Makenna Thomas and Jackson Sherman are the winners of the Mesothelioma Cancer Victims Memorial...READ MORE
Puget Sound Naval Shipyard
Steady Work Included Daily Exposure to Asbestos
The largest Naval shore facility in the Pacific Northwest and one of Washington State’s principal employers, Puget Sound Naval Shipyard and Intermediate Maintenance Facility (PSNS & IMF) was established in 1891 as a ship repair facility in a protected, deep-water harbor called Sinclair Inlet. The first of its six eventual dry docks was constructed in 1892 and hosted its first battleship in need of repair, the USS Oregon, that same year.
During World War I, Puget Sound Naval Station constructed 43 large, sea-going vessels and 1,700 small watercraft on its 190 acres. During World War II, the shipyard repaired Navy vessels damaged in battle. In the years before the Korean War, PSNS turned its attention to modernization of the U.S. Naval fleet, including conversion of conventional flight decks on aircraft carriers to angled decks. In the 1950s and 1960s, Puget Sound Naval Shipyard returned to shipbuilding, specializing in the construction of a new class of guided missile frigates. In the 1990s, PSNS & IMF became the go-to destination of nuclear-powered ships destined for decommissioning. There, an environmentally safe method for the deactivation and recycling of nuclear reactor-powered vessels was pioneered and perfected.
Throughout these decades of prolific activity, however, a deadly enemy lurked in every corner of Puget Sound Naval Shipyard and other military facilities like it all over the country: asbestos. On land and at sea, asbestos-containing products were incorporated into virtually every aspect of shipbuilding, operation, maintenance and repair, from fireproofing of the hulls and munitions compartments to the insulation of boiler rooms, from asbestos-laden electric boards in radio control shacks to asbestos-insulation covered steam pipes snaking through sleeping billets and other close quarters, from welding blankets used to protect shipbuilders from heat and sparks to a ship’s kitchen ovens in which the daily bread was baked. Microscopic dust particles sloughed off from these asbestos components, potentially entered the lungs of anyone in the vicinity, making Navy veterans and the craftsmen who worked on ships while at sea and in dry dock the most at-risk group of all the military service sectors for developing the deadly asbestos cancer mesothelioma.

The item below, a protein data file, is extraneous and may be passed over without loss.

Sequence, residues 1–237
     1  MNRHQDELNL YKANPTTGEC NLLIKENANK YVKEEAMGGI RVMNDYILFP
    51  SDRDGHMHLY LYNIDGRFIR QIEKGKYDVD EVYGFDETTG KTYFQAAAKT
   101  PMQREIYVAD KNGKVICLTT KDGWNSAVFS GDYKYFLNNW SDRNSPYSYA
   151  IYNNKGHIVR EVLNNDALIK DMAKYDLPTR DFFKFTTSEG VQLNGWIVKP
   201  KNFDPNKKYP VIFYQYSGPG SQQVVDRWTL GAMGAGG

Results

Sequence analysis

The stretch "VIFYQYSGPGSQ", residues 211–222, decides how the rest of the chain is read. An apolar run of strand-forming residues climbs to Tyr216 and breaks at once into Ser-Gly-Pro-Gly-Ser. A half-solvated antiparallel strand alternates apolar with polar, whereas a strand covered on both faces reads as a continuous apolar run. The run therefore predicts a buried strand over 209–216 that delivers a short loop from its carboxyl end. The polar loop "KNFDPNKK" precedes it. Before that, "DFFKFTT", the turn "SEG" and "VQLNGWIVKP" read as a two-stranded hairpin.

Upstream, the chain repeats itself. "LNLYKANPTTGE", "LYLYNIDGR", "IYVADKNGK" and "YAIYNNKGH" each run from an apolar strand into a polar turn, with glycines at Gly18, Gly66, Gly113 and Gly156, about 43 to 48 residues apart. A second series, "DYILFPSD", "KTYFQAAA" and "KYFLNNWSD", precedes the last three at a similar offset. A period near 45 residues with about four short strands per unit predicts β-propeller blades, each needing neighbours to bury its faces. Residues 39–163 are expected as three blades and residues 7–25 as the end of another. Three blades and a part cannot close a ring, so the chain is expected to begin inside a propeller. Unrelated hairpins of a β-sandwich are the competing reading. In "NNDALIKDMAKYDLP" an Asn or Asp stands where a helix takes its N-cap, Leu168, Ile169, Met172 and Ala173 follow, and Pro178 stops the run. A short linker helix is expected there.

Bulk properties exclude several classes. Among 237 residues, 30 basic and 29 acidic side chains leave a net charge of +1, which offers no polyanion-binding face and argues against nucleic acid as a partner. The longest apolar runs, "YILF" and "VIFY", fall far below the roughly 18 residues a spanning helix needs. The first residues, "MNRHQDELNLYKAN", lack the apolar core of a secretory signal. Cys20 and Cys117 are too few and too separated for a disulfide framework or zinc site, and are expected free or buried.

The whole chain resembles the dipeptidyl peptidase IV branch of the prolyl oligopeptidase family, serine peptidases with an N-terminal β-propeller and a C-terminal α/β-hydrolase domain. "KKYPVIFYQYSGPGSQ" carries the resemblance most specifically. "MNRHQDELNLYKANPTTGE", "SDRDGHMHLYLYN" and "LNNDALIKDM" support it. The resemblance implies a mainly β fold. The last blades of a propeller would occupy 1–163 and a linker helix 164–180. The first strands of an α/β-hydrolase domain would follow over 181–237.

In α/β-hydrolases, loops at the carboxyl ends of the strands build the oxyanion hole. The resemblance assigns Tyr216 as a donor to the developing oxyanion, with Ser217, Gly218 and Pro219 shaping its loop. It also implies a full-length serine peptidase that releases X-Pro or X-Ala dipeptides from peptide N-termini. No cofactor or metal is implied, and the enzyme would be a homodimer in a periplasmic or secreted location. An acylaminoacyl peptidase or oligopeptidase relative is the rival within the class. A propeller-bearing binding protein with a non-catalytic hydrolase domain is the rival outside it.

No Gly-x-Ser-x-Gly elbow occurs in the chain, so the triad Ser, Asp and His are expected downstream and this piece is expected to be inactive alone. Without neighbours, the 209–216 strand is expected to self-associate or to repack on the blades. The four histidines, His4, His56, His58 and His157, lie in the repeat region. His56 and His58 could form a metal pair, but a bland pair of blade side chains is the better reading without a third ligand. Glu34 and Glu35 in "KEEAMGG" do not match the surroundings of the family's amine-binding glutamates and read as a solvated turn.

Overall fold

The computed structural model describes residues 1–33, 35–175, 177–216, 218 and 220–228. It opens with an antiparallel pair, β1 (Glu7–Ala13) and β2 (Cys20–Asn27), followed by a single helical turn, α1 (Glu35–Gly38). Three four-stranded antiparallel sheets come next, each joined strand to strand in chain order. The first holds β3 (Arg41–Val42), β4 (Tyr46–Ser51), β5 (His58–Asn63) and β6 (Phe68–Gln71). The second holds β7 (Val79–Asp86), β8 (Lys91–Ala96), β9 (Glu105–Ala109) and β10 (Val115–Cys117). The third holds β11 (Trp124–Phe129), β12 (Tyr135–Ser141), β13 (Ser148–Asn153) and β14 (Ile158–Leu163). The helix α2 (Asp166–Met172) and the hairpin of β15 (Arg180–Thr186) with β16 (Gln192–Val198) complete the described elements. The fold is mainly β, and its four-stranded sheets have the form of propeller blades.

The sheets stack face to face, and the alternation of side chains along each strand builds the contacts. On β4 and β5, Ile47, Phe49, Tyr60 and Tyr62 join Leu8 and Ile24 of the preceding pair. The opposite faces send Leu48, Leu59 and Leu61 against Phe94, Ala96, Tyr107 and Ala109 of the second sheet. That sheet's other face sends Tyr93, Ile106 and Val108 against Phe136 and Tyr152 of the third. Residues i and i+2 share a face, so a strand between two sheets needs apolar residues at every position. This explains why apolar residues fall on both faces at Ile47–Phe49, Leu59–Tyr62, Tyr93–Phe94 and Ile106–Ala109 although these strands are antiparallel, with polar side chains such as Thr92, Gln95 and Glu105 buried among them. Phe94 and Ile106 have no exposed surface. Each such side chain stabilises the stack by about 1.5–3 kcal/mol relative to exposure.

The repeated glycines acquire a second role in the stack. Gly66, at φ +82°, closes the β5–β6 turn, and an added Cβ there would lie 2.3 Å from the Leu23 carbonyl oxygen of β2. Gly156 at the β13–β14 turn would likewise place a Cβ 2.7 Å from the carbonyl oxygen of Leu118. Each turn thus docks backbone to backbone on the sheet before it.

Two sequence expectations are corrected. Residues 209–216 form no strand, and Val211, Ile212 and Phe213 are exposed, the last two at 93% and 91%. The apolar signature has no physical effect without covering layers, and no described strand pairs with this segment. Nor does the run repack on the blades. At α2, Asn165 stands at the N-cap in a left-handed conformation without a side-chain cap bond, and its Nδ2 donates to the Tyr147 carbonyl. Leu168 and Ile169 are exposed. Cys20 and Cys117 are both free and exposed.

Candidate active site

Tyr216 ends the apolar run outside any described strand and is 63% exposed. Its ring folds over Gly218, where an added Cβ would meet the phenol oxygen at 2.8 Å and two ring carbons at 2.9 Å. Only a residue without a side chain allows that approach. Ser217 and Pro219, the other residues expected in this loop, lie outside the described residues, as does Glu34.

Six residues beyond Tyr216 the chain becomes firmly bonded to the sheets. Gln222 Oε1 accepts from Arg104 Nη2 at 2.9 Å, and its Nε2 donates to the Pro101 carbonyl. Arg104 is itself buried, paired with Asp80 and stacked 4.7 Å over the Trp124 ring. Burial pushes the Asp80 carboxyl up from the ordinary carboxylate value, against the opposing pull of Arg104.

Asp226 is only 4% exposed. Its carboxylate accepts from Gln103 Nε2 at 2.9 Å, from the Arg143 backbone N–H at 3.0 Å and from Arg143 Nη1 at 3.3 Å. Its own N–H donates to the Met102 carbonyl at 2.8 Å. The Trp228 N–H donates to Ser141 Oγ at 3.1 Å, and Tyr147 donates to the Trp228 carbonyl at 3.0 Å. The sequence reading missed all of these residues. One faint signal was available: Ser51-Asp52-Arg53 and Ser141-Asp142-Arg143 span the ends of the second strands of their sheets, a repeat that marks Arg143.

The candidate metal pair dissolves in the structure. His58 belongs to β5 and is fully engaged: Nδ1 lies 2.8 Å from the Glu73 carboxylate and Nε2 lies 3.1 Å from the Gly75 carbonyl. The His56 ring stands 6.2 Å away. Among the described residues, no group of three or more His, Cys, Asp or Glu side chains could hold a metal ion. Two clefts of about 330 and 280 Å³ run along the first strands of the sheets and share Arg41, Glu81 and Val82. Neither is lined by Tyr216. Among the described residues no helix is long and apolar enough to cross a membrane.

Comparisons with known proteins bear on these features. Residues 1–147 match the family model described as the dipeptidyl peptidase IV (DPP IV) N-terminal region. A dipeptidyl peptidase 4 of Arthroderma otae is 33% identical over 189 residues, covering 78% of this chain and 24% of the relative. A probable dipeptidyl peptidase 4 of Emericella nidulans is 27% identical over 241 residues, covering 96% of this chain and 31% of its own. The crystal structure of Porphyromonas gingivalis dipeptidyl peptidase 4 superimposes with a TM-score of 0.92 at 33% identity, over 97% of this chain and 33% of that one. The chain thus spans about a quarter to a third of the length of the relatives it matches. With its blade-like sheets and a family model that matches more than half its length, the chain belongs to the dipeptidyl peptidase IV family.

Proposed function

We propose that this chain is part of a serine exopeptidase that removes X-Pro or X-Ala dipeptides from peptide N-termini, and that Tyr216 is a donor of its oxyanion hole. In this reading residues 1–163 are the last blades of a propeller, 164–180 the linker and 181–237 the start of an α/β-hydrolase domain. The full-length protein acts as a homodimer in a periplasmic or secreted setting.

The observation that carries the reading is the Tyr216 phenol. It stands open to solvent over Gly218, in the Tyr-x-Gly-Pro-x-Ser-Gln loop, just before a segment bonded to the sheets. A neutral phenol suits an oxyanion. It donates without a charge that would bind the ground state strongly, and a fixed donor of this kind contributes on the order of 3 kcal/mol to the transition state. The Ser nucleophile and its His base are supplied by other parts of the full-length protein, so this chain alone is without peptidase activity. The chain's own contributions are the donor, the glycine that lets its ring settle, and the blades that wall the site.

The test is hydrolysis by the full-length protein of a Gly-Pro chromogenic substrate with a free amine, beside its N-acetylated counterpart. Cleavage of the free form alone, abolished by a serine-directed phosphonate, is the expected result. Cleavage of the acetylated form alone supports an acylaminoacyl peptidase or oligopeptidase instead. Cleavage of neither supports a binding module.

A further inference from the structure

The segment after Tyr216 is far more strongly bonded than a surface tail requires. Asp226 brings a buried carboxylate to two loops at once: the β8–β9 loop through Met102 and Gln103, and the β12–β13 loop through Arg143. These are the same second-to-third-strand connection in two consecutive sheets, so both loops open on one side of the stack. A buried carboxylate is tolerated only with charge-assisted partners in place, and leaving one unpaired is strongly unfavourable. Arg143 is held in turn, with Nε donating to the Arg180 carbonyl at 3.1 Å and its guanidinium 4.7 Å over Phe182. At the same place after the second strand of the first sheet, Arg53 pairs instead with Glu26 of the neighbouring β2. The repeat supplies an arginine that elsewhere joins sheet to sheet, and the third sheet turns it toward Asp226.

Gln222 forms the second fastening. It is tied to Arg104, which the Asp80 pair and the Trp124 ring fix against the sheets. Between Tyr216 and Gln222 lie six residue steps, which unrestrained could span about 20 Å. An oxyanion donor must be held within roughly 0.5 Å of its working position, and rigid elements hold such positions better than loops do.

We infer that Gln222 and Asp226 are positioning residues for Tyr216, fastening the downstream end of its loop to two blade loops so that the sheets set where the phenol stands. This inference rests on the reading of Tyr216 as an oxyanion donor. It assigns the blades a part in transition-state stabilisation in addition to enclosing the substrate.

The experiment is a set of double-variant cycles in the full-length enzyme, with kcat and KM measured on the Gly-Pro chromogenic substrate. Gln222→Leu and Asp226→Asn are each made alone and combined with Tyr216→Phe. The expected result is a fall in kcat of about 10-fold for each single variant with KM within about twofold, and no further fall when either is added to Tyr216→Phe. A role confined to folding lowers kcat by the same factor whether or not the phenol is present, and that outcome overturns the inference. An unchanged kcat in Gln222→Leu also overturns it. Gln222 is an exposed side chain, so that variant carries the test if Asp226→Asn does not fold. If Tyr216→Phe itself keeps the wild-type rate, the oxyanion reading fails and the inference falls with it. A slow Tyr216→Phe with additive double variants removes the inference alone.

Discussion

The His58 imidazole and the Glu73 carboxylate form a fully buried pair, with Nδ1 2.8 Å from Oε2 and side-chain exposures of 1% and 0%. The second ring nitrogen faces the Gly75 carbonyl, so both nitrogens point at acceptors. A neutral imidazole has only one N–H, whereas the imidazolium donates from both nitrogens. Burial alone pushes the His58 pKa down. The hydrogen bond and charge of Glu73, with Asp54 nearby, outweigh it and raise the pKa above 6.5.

Asbestos Manufacturers Reluctant to Stop Use
In the 1970s the Navy began to limit the amount of asbestos to which service personnel and shipyard workers were exposed, but the utilization of asbestos materials throughout every aspect of Naval operations was so pervasive that its application continued for the rest of the decade and beyond, all the way into the 1990s in some cases. And even when the Navy issued directives to its qualified manufacturers to substitute non-asbestos steam pipe covering, gaskets, rope packing and other insulating materials in the products they supplied, those manufacturers resisted, not wanting to incur the higher costs of a more expensive substitute.
If you or a family member has been diagnosed with mesothelioma, we want to help. Call us at 855-280-7664 or complete our contact form.
If you worked at Puget Sound Naval Shipyard and Intermediate Maintenance Facility and have been diagnosed with mesothelioma, you don’t have to endure this deadly cancer without possible compensation for your suffering. You will not be asked to sue the government or the military. The experienced mesothelioma lawyers at Baron & Budd pursue compensation from the manufacturers who knew of the danger of asbestos and continued to incorporate the deadly carcinogen into their products anyway. Please contact the lawyers at Baron & Budd to receive a completely free and confidential evaluation.
Boilermakers and the related trades who worked at facilities like Puget Sound Naval Shipyard and Intermediate Maintenance Facility should be proud of their legacy as caretakers of our Navy’s fleet. But never should such meritorious work have resulted in exposure to deadly asbestos products made by unscrupulous manufacturers.